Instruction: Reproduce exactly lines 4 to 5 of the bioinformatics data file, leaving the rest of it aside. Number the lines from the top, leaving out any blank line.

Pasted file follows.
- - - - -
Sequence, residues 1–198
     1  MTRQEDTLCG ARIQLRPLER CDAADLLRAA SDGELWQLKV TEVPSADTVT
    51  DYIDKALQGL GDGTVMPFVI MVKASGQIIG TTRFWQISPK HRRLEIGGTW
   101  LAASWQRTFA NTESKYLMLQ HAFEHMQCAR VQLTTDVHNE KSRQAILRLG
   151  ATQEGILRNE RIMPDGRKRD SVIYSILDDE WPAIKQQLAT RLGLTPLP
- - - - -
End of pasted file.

   101  LAASWQRTFA NTESKYLMLQ HAFEHMQCAR VQLTTDVHNE KSRQAILRLG
   151  ATQEGILRNE RIMPDGRKRD SVIYSILDDE WPAIKQQLAT RLGLTPLP